Has Gordon Brown accidentally scuppered his electoral strategy?
His budget, in policy terms, was mostly unremarkable. Not one of his better efforts but still passable, I’d say. His speech, and the reaction to it, are quite something else.
At first, David Cameron was wrong-footed. The final tax-cutting flourish made perhaps the hardest job in parliament – the instant budget response – that much harder. And Cameron’s immediate line of attack involved an unnecessary misconception. Brown had clearly said that it was “not the time for a fiscal loosening” and that the budget would be “broadly neutral for the public finances”, which should have alerted the Tories that any cuts would be more or less offset with rises.
But taking a more considered look at the politics of it, there seems to be quite a pundits’ consensus – from Polly Toynbee to Bruce Anderson to Mary Ann Sieghart to Michael Portillo – that Brown has inadvertently legitimated the case for lower taxes.
At the last couple of elections, it’s argued, Labour have very effectively thwarted the Tories by presenting even the faintest whiff of a tax-cut promise as a threat to public services. But now that Brown has endorsed lower taxes, he’ll no longer be able to trap the Tories in the same deadly way.
The other common criticism of Brown’s politics is that by making such a show of one tax cut and downplaying (although not concealing) some equivalent tax rises – which were very quickly identified by observers such as the BBC’s Evan Davis and Ming Campbell for the Lib Dems – he has made himself look like a spinner. You could write the Tory script in your sleep: he talks the talk but keeps taxing us by stealth.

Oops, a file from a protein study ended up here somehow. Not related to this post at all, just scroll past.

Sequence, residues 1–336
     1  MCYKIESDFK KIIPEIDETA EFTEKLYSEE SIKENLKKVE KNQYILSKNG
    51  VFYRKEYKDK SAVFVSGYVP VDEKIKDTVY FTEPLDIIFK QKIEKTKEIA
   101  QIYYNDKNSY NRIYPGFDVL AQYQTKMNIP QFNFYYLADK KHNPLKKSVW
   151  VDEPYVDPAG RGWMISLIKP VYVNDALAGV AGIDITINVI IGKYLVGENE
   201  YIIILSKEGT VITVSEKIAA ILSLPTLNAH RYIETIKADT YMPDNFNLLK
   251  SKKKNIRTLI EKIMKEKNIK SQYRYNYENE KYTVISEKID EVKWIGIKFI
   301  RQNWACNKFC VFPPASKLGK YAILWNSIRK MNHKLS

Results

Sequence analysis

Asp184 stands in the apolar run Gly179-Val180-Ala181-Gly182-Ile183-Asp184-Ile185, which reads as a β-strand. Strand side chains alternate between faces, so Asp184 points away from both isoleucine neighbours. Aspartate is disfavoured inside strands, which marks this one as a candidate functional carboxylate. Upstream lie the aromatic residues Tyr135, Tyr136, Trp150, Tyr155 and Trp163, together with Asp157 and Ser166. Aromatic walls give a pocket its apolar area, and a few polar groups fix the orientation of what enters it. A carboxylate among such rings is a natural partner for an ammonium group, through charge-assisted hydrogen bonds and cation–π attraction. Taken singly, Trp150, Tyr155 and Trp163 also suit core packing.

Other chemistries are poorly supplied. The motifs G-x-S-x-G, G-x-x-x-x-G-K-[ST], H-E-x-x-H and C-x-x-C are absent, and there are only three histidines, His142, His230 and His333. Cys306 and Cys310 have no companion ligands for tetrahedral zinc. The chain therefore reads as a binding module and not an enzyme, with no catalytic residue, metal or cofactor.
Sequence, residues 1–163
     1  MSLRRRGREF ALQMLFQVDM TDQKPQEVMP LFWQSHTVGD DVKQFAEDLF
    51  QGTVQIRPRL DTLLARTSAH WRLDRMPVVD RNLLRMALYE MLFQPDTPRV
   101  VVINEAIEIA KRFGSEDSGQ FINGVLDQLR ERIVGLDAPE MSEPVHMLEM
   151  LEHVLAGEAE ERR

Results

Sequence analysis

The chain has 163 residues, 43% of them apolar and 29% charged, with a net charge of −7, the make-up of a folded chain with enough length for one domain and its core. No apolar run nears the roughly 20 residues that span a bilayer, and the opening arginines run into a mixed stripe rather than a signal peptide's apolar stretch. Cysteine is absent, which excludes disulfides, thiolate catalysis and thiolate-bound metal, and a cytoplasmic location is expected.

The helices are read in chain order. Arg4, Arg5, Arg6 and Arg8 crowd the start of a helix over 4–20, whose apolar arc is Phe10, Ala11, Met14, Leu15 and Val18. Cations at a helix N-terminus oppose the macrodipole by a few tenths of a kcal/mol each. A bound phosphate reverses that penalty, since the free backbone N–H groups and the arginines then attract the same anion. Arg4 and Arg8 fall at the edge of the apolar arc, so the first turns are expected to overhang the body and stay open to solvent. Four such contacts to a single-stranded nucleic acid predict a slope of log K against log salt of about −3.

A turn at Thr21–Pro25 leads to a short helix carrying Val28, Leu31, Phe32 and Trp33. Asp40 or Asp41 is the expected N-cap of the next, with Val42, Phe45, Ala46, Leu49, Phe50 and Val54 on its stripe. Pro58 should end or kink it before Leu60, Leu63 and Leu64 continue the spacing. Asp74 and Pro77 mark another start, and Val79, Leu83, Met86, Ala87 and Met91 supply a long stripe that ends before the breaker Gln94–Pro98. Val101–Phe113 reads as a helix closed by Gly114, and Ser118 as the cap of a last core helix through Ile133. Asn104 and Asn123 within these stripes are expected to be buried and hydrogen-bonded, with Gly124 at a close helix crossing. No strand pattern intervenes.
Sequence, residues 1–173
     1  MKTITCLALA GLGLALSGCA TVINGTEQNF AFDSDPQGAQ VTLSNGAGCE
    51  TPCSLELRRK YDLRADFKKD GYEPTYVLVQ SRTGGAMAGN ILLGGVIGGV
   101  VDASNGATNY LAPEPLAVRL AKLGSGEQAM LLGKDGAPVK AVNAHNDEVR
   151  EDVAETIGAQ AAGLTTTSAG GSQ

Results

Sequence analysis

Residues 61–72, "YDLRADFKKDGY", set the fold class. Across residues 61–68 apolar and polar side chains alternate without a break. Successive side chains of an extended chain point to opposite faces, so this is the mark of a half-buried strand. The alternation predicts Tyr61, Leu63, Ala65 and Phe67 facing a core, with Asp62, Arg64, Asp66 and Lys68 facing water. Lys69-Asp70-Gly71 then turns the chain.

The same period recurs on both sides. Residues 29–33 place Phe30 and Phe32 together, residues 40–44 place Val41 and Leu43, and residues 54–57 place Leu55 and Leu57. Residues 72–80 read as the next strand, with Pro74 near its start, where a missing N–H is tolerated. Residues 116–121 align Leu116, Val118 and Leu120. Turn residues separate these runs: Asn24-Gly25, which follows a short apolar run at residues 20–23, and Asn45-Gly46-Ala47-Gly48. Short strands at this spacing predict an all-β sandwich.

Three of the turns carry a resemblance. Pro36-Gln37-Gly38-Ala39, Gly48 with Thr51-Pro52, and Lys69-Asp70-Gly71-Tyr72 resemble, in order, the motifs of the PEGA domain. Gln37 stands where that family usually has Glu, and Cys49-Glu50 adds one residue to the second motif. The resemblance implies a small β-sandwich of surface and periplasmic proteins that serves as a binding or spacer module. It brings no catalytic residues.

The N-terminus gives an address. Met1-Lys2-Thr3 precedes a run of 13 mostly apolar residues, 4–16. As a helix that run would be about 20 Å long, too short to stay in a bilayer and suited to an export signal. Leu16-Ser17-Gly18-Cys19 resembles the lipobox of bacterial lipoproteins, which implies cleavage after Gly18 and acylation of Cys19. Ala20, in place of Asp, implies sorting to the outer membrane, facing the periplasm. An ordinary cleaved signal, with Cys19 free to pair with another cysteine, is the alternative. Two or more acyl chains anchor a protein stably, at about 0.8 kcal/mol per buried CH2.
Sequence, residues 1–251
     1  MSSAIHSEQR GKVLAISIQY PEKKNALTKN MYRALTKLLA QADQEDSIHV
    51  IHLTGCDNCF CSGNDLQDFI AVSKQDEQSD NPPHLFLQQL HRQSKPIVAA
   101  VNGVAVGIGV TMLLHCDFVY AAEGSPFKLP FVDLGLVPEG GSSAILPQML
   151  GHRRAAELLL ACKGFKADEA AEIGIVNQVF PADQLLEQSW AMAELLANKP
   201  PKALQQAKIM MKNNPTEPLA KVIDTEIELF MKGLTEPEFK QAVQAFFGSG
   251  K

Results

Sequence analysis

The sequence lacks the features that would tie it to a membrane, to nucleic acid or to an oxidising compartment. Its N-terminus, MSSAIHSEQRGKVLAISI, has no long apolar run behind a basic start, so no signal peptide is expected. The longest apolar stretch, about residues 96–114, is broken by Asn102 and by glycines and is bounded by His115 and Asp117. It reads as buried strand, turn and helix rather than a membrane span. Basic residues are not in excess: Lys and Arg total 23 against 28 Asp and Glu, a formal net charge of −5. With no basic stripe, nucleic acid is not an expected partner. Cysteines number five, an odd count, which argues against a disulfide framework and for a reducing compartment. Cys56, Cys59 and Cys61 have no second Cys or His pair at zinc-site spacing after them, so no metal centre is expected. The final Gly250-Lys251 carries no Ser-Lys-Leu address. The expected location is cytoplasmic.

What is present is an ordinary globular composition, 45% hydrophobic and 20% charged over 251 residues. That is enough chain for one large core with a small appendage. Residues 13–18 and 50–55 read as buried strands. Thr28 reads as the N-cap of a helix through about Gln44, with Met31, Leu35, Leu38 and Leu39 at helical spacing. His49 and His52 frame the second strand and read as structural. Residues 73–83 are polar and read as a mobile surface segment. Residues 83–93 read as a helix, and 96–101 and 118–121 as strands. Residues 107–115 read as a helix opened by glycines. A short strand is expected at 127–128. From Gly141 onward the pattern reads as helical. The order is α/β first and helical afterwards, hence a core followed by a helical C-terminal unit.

Indeed, a couple of polls over the weekend found more people thinking they’d be worse off than better off as a result of the budget.
So, he’s stuffed himself on two counts, right?
I’m not so sure. The final flourish was a miscalculation, I’d say (although the Sun loved it). But these two criticisms of it are interesting in that they’re both very tempting for his opponents, and yet they won’t both work.
If Brown has become a tax-cutter, then he can no longer paint Tory suggestions of tax cuts as a threat to schools’n’hospitals. If he’s just a con man, though, then he hasn’t become a tax-cutter.
The second line of attack would be entirely in keeping with the sustained character assassination that the Tories been pursuing over the last year. But it does make them look like the nasty party once again. The first line of attack, though, would help in the longer term to calm people’s fears about their “sharing the proceeds of growth” economic strategy.
Cameron tried to have it both ways in his immediate response, and he can be forgiven for not having settled on a clear position. But even now, the Tory document [PDF] on their website responding to the budget still vacillates. It leads with the “tax con” line, but goes on to argue that Brown has now swallowed their overall approach to tax and spending.
Brown has exposed two potential weaknesses, and it’s not clear which one the Tories should most profitably attack. But they have to choose whether they want to do him down personally or to build political space for their own policy agenda.
One final thought: it may well be that Brown has judged that the ‘beware Tory cuts’ line has more or less run its course electorally, with people feeling more over-taxed than in the past, and with Cameron clamping down on tax-cut promises. In which case, Brown presumably plans to campaign against the Tories on other grounds entirely.
Things are getting interesting.